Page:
Ribosomal protein L9 interactions with 23 S rRNA: the use of a translational bypass assay to study the effect of amino acid substitutions.J Mol Biol. 1996 Aug 23; 261(3):357-71.JM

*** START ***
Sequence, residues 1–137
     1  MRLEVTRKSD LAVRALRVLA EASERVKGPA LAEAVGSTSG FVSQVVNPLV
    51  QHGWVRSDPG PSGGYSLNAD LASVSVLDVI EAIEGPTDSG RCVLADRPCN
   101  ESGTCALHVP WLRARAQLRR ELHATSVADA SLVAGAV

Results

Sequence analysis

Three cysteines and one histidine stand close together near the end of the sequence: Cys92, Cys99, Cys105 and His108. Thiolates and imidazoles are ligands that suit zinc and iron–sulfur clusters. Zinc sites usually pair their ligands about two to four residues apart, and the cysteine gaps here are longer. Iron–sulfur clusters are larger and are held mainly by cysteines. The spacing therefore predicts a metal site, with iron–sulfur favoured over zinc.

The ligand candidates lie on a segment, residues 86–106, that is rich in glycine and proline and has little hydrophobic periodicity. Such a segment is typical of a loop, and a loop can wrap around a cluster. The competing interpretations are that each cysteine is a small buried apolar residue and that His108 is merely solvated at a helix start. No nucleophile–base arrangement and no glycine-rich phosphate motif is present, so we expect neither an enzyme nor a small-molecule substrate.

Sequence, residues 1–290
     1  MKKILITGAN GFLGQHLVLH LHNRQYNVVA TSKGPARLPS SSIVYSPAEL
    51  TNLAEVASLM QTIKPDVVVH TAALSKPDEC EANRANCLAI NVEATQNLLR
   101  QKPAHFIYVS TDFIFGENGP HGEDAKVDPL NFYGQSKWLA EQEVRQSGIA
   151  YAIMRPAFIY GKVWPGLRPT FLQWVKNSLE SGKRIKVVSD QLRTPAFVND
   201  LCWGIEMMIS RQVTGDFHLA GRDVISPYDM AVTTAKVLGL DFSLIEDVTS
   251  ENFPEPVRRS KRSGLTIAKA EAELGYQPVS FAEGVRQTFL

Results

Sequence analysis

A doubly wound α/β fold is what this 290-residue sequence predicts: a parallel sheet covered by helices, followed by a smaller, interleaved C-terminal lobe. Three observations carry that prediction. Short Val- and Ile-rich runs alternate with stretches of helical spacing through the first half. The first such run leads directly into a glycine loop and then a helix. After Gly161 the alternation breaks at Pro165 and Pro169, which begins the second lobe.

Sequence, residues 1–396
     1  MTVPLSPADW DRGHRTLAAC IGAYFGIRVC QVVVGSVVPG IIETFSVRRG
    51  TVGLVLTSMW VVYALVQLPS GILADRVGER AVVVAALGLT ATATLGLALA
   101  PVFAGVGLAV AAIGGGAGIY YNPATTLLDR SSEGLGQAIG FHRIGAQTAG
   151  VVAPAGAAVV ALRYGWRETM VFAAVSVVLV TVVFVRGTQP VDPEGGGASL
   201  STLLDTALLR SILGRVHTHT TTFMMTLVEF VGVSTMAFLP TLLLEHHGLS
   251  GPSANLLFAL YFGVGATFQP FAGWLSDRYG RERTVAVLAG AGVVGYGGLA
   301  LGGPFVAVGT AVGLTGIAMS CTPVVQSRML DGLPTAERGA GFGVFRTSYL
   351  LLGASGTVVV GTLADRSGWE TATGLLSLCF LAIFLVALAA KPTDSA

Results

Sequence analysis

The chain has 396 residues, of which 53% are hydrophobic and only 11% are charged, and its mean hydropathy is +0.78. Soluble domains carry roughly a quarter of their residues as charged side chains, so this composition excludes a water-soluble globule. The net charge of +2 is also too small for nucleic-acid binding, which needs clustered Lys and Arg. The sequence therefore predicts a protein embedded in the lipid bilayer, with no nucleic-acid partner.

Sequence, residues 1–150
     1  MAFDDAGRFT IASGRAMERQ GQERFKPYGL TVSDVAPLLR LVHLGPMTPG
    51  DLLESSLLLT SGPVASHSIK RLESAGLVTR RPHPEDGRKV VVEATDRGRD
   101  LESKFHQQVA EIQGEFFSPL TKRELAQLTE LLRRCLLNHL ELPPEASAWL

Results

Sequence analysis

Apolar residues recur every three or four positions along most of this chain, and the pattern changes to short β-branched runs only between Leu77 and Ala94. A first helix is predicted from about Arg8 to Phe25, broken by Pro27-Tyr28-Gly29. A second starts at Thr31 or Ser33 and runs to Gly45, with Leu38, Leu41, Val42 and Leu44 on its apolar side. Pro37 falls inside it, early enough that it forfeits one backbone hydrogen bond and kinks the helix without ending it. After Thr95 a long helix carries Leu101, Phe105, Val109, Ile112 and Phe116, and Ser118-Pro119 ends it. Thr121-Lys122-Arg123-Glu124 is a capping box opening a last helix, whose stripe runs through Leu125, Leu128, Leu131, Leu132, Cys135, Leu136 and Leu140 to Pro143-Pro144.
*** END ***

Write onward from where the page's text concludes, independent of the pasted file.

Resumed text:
During translation of bacteriophage T4 gene 60 mRNA, ribosomes bypass 50 nucleotides with high efficiency. One of the mRNA signals for bypass is a stem-loop in the first part of the coding gap. When the length of this stem-loop is extended by 36 nucleotides, bypass is reduced to 0.35% of the wild-type level. Bypass is partially restored by a mutation in the C-terminal domain of Escherichia coli large ribosomal subunit protein L9. Previous work has shown that L9 is an elongated protein with an alpha-helix that connects and orients the N and C-terminal domains that both contain a predicted RNA binding site. We have determined two binding sites of L9 on 23 S rRNA. A 778 nucleotide RNA fragment encompassing domain V (nucleotides 1999 to 2776) of the 23 S rRNA is retained on filters by L9 and contains both sites. The N and C-terminal domains of L9 were shown to interact with nucleotides just 5' to nucleotide 2231 and 2179 of the 23 S rRNA, respectively, using the toeprint assay. These L9 binding sites on 23 S rRNA suggest that L9 functions as a brace across helix 76 to position helices 77 and 78 relative to the peptidyl transferase center. In this study, bypass on a mutant gene 60 mRNA has been used as an assay to probe the importance of particular L9 amino acids for function. Amino acid substitutions in the C-terminal domain are shown to partially restore bypass. These mutant L9 proteins have reduced binding to a 23 S rRNA fragment (nucleotides 1999 to 2274) containing domain V, to which L9 binds. They partially retain both the N and C-terminal domain interactions. On the other hand, substitutions of amino acids in the N-terminal domain, which greatly reduce RNA binding, do not restore bypass. The latter mutants have completely lost the N-terminal domain interaction. Addition of an amino acid to the alpha-helix also restores gene 60 bypass. RNA binding by this mutant is similar to that observed for the C-terminal domain mutants that partially restore bypass.